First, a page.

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Making the triple jump: changing location, industry, and function after graduation
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Making the triple jump: changing location, industry, and function after graduation


Note: We’ve made every effort to ensure that the information in this article is correct at time of publishing. However, because visa and immigration laws are complex and ever-changing, please check the U.S. Department of State or U.K. Home Office website for the most up-to-date information on visa requirements.


Over the years, an increasing number of Hult International Business School graduates have made the sought after “triple jump” in their career. An impressive 98% of our alumni change either geographical location, industry, or function when they graduate. It’s an elite group who manage to change all three.

We spoke to a few of our recent MBA graduates about how they managed this big career leap, and asked them to share the journey that got them to their current position.

 


 

Stephanie Hernandez Hult

Stefanie Hernandez hails from Colombia, where she completed her undergraduate degree in Business Administration. She then started a career with L’Oréal as a marketing specialist, focused on building marketing strategies and growing their buying and selling channels.

After her completing her MBA at Hult in 2016, she took over the position of Sales Consultant for Hilti here in the U.K.

 

How did you identify the organization you work with now?

I made a list of the companies I wanted to work for—a “dream list.” Then, through online research, I tried to identify all the student fairs where those companies were going to be. I registered for them, and even if I had to pay extra, I’d sign up because I knew it was going to have a significant impact on my future.

Tell us about the journey of getting your work visa sponsored

It all started by being sincere and upfront with the recruiters and companies. I engaged them with my background and experience, and then I genuinely told them I needed sponsorship to stay.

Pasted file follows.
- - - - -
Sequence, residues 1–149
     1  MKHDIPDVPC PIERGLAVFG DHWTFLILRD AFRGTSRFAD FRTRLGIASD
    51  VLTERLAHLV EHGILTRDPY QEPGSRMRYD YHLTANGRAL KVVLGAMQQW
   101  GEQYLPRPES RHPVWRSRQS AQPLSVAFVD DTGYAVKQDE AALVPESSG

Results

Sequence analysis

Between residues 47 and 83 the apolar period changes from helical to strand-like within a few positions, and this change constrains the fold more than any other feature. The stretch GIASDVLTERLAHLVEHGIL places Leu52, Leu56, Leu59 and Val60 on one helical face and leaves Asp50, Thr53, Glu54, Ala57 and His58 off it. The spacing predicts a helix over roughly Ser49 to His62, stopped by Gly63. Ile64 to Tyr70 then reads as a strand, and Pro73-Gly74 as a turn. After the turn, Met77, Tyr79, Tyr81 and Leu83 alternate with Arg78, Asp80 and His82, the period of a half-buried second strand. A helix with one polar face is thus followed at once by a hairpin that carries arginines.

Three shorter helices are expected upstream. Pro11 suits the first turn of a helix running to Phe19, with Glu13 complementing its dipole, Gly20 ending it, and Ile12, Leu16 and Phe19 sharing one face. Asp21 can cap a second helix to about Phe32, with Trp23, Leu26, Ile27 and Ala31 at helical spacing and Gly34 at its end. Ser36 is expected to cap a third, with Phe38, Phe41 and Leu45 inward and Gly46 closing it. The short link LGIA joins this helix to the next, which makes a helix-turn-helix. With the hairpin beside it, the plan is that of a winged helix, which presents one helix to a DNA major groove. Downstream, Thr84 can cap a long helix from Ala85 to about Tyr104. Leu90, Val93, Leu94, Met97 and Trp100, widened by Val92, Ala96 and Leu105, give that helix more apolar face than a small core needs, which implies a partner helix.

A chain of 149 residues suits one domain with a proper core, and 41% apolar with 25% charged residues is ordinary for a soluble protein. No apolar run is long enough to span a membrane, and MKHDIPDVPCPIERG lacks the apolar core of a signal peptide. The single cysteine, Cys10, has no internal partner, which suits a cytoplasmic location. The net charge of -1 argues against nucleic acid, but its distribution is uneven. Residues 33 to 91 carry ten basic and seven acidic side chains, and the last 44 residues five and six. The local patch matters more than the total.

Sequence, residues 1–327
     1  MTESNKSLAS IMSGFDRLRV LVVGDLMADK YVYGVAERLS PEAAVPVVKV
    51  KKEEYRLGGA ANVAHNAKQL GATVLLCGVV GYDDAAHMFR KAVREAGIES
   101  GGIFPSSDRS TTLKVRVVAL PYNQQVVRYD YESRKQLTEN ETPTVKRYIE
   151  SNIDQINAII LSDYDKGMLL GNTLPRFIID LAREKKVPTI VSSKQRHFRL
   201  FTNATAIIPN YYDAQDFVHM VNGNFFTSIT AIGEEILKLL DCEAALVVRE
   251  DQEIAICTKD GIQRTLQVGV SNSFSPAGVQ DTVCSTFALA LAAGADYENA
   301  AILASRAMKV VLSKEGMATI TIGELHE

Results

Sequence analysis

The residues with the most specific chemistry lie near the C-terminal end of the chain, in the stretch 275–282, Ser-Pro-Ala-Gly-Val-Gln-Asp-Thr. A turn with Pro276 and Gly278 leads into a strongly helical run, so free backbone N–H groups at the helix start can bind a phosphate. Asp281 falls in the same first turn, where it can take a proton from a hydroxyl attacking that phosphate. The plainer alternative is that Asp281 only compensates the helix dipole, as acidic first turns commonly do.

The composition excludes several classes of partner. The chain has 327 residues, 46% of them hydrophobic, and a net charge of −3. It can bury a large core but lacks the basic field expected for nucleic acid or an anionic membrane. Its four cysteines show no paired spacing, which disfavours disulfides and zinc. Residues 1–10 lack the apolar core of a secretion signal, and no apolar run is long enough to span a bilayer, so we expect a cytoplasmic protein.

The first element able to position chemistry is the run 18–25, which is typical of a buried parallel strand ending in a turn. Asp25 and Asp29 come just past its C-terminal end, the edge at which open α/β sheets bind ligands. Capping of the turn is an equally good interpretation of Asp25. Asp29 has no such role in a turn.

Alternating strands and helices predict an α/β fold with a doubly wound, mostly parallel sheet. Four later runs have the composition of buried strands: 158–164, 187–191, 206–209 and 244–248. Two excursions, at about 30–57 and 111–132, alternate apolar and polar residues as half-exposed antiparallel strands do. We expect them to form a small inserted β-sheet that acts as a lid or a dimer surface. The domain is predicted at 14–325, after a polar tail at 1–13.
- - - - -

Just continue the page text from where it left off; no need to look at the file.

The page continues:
Once the offer was on the table and the contract signed, they sent me a “Certificate of Sponsorship.” This is a unique number for each company that certifies their ability to take on board foreign talent. With this certificate, you can apply online and fill in the form for the requested visa. It’s an easy process, and there are lots of guides on the government website to follow.

What tips would you give students looking to make the triple jump?

First of all, it’s extremely important to have a clear understanding of the career path and life goals you want to achieve. Ask yourself questions like: Where do you want to be in five years? What is your ultimate life goal? What future position will fulfill your inner being? These will help you to streamline your dreams.

Once you have a clear understanding of where you want to be and what you want to do, start by analyzing the steps you need to take to become that person. Change of industry? Location? Function? Yes! Changes are positive, and they’ll definitely have a huge impact towards your life and professional goals.

“Changes are positive, and they’ll definitely have a huge impact towards your life and professional goals.”

Stefanie Hernandez, Hult MBA Class of 2016

 


 

Gunjan Jain Hult

Gunjan Jain completed his Bachelors in Engineering from India and took up roles related to his undergraduate degree immediately. He first worked for Punj Lloyd, an energy and infrastructure conglomerate, and later switched to working in a similar capacity with Technip, a company that carries out project management, engineering, and construction for the energy industry.

He then decided to pursue his MBA at Hult, moving between Shanghai and London for the duration of the course. Gunjan now works as a manager at EY.

 

 How did you identify the organization you work with now?

While I was doing my MBA at Hult, I worked closely with the Careers Team on campus, primarily Peter Hill. We worked together through various sessions to understand my strengths and weaknesses, and developed a job plan where my primary-focus industries were management consulting and oil & gas.

EY is a global leader in management consultancy, with a particular focus in O&G, hence Peter and myself identified this as a good company where I could contribute and grow my career.